Sometimes you can’t help but commit a cardinal sin in gaming: you let your first impression be your only one.
I picked up Absolute Drift the other week after lusting after it for a little bit, and actually refunded it after finding it “too hard.” Much hullabaloo has been made lately in gaming circles about “artificial difficulty” being a gatekeeper, but, as I think that’s bullshit, that won’t be the subject of this piece.
In short, I picked up a game I thought was going to be a nice, relaxing way to drift a car around corners, but found that I couldn’t quite get the hang of its deeper mechanics. So I gave up and uninstalled it. Then I refunded it on a Steam. Like a chump.
But, unlike other chumps, something kind of pulled at me about it. I read a couple guides on the community forums, downloaded a pirated copy, played for another hour and promptly re-bought the game.
I’m losing count of the gaming sins, here.
It’s weird; lately in my gaming I’ve wanted two things, and they’re not always found in the same places: I want to have a fulfilling experience, and I want to feel like the work that I’ve put into learning a system is validated. I’ve scratched itches with fighting games for like, five minutes, but that always disappoints me: there isn’t that thing that’s hooking me in, making me want to play more, and after awhile I started wondering if that’s something wrong with me.
I mean, I can’t be the only one that’s thinking it, right? Somehow, all those think-pieces about millennials being entitled and lazy kind of popped into my head at once, echoing “you don’t deserve so enjoy this stuff because you aren’t putting in the work.”
Of course, this is a bit extreme. You shouldn’t force yourself to play a game you don’t like just because you aren’t good at it immediately. However, it’s important to realize that the pull of that game is the thing you should be listening to in its early stages. How is it talking to you? How are you responding to it? What itch is it scratching?
In the end, Absolute Drift has turned out to be something I’ve enjoyed a lot, mostly because you get a great sense of accomplishment once you’ve gone through a run without crashing, or finally nail that tough objective.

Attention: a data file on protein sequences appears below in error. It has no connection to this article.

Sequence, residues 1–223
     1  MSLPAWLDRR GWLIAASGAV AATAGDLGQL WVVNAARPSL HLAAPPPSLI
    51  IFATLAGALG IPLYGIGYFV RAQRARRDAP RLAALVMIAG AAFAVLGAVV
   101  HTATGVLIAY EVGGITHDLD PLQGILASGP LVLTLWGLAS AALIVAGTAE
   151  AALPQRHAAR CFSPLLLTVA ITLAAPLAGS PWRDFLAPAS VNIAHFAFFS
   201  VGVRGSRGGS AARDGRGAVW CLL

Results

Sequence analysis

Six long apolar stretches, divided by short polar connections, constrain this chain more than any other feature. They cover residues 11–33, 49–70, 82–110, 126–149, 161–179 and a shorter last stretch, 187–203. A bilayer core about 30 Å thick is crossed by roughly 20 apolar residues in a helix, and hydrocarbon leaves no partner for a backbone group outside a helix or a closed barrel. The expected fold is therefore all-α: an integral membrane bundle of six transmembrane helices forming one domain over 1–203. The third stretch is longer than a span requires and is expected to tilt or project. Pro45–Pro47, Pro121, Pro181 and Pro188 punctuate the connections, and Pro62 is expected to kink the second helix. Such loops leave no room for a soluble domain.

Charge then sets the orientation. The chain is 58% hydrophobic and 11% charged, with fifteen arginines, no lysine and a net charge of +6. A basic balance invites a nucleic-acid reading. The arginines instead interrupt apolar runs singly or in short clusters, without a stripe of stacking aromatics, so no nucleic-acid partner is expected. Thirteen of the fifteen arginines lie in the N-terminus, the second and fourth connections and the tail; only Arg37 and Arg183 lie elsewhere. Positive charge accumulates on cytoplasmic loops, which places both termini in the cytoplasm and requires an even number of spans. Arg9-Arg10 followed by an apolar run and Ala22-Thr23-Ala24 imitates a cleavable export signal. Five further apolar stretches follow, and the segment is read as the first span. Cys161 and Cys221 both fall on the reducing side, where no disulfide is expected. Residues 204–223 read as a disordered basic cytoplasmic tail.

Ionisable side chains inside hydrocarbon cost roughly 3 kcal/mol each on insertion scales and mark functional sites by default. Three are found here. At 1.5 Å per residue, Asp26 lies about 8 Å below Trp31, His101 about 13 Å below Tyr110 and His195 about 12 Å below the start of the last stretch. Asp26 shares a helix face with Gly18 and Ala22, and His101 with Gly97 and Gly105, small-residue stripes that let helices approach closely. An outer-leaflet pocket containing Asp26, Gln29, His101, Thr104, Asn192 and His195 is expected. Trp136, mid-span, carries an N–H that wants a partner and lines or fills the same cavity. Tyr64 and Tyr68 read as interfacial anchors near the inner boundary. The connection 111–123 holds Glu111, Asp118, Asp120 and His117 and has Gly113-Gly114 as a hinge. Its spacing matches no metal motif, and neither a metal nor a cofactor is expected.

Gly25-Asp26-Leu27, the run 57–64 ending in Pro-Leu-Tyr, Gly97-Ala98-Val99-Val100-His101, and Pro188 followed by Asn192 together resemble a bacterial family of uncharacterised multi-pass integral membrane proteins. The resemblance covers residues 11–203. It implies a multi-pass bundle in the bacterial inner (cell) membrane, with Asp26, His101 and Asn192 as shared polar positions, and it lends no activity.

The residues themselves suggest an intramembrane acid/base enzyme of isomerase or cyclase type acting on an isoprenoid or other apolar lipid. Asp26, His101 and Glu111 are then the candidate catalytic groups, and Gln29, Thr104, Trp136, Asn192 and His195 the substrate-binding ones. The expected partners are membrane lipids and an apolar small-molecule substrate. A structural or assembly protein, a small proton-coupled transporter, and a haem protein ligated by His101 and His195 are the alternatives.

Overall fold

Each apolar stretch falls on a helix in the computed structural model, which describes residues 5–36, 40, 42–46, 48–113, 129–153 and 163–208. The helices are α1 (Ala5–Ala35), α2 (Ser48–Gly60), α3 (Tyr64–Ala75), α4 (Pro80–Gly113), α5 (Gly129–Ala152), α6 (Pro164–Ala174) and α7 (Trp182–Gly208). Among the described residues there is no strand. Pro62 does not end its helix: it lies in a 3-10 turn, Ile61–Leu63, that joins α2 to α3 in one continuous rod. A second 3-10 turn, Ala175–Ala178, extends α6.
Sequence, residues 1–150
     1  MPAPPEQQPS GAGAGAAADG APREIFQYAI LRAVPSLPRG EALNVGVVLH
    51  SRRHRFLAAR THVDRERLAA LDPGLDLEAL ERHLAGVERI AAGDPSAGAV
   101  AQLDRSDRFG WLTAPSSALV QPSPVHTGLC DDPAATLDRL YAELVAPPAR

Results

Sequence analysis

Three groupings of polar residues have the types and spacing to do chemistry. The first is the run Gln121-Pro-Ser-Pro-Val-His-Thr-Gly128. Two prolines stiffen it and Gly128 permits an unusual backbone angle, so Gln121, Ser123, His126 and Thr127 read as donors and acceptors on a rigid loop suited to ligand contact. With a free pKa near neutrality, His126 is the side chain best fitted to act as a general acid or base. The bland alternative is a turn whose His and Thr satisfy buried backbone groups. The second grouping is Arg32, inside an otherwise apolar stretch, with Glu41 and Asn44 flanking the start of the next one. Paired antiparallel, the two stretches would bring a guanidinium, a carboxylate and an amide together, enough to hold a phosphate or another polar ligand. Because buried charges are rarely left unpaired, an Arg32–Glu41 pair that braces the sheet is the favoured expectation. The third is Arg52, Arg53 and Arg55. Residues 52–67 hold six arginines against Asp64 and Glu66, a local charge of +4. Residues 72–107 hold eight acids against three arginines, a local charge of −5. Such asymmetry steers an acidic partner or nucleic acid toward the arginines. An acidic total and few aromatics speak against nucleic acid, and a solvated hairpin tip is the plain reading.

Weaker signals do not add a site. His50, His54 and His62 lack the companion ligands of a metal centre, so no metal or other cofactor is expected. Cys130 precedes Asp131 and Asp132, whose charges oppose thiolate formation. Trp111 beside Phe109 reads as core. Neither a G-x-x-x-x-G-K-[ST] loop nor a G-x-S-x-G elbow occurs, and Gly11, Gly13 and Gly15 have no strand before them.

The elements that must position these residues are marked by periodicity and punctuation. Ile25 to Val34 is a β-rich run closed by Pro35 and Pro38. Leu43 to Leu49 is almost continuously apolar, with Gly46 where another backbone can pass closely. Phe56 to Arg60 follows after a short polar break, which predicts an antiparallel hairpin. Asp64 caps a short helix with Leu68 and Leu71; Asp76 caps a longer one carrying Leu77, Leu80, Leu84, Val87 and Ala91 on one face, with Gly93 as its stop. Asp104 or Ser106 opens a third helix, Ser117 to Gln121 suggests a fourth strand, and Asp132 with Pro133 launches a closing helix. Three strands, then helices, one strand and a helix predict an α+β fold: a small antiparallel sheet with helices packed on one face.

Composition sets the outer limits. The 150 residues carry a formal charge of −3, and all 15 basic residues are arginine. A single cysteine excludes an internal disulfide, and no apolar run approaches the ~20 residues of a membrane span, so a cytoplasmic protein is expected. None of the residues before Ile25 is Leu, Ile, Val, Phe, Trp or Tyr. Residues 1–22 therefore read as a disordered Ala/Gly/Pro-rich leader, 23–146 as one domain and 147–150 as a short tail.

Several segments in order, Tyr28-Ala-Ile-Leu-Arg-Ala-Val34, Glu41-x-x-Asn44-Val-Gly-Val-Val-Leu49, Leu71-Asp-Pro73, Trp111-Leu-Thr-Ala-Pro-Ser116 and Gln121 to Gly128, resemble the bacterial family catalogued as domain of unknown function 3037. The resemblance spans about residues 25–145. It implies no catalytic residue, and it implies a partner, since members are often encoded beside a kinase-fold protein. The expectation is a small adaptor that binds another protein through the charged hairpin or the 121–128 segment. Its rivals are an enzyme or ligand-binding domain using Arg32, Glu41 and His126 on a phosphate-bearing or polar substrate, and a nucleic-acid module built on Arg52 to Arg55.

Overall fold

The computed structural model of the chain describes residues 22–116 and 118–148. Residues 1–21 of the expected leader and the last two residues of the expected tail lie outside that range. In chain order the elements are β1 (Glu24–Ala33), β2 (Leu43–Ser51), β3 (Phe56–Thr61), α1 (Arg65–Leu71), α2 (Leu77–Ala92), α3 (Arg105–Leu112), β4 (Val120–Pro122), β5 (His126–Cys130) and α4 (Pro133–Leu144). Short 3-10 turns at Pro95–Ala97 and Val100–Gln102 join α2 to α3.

It also delivers on the “zen edition” reference by actually getting relaxing — albeit with me, I substitute my own music. It’s one of the few titles I play these days that doesn’t need a story or online communities to sustain me. I get a little bit better every time I play it, and being able to go from not having control to kind of knowing the limitations of your car is a pretty cool feeling.
My itch to play Absolute Drift came from watching a couple Initial D videos on YouTube (warning: oldish anime) and wanting a cheap thrill. The thing is, coming into the game, I suddenly can understand a specific line a little bit better.
During the initial stages of the story (maybe in the first episode?) a character explains that drifting up/down a mountain is about “challenging the corners.” For some reason, that evokes a very visceral and almost suicidal feeling in me: you want to be able to prove yourself and your courage by looking at an inanimate and unmoving challenge and coming out the other side alive.
Thankfully I can do that a bit safer than in real life due to this game, but I have moments where I’ll think “Alright, fuck it, let’s see if we can hit the e-brake a second earlier than I usually do” and will feel like a god if I just scrape by. Eventually, it’s less of a movement of wondering you can do it and more just an innate knowing.
And that’s pretty damn fun. I want more of that. I’ll let you know if I find it. If you want a more formal review of the game, I wrote about it on Steam.
Matt Demers writes about video games, esports, mental health and life. Follow him on Twitter.